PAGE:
South Korea has established a new law that ends Apple and Google's dominance over App-Store payments
South Korea’s National Assembly on Tuesday passed the world’s first bill that ends Apple and Google's dominance over how apps hosted on their app stores sell digital goods. As soon as the bill gets signed by President Moon Jae-in, it will become law. The president's party strongly supported the legislation.
This bill challenges Apple and Google's lucrative commissions on digital sales and will require Apple and Google to allow alternative payment systems on their app stores.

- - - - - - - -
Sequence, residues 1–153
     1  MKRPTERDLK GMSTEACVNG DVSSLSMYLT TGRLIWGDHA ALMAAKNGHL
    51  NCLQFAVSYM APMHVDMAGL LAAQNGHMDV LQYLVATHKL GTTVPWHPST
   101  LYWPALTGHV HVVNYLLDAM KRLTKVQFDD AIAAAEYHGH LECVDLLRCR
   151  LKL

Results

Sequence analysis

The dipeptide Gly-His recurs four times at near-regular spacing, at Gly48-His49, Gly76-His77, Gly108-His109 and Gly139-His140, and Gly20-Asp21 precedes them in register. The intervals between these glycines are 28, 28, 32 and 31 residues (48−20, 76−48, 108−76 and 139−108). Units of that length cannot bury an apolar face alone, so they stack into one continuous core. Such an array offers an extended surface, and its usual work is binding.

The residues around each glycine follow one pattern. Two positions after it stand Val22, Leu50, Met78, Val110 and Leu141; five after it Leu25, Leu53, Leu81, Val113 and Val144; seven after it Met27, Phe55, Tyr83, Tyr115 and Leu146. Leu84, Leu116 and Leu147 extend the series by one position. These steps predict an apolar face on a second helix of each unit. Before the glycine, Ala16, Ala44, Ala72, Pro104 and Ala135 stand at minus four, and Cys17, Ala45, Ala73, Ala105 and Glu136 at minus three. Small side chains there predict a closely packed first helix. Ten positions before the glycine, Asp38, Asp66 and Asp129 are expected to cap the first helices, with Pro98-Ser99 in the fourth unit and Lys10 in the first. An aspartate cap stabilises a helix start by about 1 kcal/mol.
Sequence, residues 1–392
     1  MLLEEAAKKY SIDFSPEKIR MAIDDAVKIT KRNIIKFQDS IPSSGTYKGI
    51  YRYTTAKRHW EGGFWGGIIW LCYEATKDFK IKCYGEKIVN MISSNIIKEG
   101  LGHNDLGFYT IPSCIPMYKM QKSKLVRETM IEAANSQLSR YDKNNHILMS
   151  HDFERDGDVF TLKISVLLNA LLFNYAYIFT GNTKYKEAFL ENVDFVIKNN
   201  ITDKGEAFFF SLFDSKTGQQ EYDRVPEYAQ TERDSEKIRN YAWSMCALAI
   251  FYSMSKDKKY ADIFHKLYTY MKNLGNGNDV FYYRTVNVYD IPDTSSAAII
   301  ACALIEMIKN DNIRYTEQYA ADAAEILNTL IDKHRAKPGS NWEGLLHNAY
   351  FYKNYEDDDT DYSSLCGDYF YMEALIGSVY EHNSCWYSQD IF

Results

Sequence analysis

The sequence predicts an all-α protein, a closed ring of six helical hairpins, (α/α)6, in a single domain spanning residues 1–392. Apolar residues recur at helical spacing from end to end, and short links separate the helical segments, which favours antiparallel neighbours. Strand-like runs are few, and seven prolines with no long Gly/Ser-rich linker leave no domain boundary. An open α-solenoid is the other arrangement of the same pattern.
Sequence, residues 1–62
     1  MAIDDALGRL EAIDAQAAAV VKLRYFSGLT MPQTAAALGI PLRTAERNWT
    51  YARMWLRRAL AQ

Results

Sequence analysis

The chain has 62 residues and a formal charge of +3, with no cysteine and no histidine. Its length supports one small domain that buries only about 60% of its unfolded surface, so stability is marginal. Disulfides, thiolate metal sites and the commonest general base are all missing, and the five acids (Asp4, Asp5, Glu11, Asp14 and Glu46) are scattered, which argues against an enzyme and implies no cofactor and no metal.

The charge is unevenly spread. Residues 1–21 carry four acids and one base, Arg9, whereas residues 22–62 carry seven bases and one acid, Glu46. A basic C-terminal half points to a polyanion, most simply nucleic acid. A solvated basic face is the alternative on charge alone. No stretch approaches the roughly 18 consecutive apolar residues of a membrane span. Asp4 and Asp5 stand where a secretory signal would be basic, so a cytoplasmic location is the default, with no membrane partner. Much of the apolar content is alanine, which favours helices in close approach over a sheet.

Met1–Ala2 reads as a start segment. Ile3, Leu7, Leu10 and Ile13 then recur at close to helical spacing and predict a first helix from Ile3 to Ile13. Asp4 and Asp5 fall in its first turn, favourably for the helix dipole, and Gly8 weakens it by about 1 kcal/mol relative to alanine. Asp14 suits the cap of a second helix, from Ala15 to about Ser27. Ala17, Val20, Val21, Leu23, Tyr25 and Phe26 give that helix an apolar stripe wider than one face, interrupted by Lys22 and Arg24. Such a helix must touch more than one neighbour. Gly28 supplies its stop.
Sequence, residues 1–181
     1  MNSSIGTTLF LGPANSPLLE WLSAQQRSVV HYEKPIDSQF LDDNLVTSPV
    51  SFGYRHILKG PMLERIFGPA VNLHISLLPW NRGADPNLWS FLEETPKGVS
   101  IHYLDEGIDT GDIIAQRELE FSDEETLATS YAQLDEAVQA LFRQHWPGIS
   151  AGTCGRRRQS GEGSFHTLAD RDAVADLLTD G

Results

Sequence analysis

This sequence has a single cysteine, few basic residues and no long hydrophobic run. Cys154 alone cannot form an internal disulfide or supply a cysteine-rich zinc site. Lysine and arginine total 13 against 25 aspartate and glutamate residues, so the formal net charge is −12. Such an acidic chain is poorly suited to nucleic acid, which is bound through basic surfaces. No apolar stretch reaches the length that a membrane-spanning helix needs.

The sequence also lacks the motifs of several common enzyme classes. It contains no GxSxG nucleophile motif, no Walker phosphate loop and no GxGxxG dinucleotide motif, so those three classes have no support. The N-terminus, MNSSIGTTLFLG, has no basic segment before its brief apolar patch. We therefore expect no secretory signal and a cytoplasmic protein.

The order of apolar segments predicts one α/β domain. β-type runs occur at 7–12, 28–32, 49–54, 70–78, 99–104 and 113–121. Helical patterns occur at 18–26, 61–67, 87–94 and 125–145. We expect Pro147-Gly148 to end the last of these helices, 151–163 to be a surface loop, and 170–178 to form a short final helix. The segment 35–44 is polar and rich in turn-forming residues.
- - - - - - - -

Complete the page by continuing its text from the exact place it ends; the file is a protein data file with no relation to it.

By amending South Korea’s Telecommunications Business Act, this law will prevent large app-market operators from requiring the use of their in-app purchasing systems. Moreover, it will stop operators from unjustifiably delaying the approval of apps or deleting them from the stores.
Failure to comply with the law would result in a fine of up to 3% of a company’s South Korean revenues. The Korea Communications Commission, the country’s media regulator, is in charge of this matter.
“As bills with similar implications are being proposed in the U.S. and Europe, South Korea’s bill will become a cornerstone for legislating app market platform regulations worldwide,” commission chairman Han Sang-hyuk said.